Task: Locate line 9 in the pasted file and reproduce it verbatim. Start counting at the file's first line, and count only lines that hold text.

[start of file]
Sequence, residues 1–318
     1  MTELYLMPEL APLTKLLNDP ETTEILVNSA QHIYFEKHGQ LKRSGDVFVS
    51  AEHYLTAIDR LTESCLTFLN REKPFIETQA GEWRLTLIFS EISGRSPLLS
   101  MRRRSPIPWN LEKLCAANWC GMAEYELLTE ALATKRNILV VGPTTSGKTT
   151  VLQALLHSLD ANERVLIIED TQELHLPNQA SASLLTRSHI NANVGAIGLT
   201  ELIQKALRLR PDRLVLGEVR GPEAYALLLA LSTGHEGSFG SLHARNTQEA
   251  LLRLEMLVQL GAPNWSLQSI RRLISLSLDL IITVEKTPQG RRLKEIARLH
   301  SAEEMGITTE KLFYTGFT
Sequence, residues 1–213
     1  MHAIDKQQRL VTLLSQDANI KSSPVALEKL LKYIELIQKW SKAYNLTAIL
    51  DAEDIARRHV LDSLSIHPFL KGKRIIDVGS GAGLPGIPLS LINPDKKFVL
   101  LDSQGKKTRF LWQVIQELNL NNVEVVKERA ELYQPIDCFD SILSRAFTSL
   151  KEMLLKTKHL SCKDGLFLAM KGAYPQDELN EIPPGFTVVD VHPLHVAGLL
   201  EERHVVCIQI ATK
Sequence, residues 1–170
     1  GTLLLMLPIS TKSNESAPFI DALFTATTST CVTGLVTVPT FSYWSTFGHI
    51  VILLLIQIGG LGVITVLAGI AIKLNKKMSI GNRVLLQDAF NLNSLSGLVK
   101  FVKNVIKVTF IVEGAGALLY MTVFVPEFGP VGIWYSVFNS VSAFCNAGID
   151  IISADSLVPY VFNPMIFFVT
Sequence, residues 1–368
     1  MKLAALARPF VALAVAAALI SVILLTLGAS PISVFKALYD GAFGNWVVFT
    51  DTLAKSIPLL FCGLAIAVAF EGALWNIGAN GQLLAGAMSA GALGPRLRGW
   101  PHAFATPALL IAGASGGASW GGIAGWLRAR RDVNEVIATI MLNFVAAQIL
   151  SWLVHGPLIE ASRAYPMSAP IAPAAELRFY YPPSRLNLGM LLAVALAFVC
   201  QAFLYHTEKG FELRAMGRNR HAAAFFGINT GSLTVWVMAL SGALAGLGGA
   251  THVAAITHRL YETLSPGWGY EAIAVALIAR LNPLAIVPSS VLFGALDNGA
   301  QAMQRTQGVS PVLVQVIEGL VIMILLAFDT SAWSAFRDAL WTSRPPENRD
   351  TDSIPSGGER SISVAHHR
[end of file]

Sequence, residues 1–213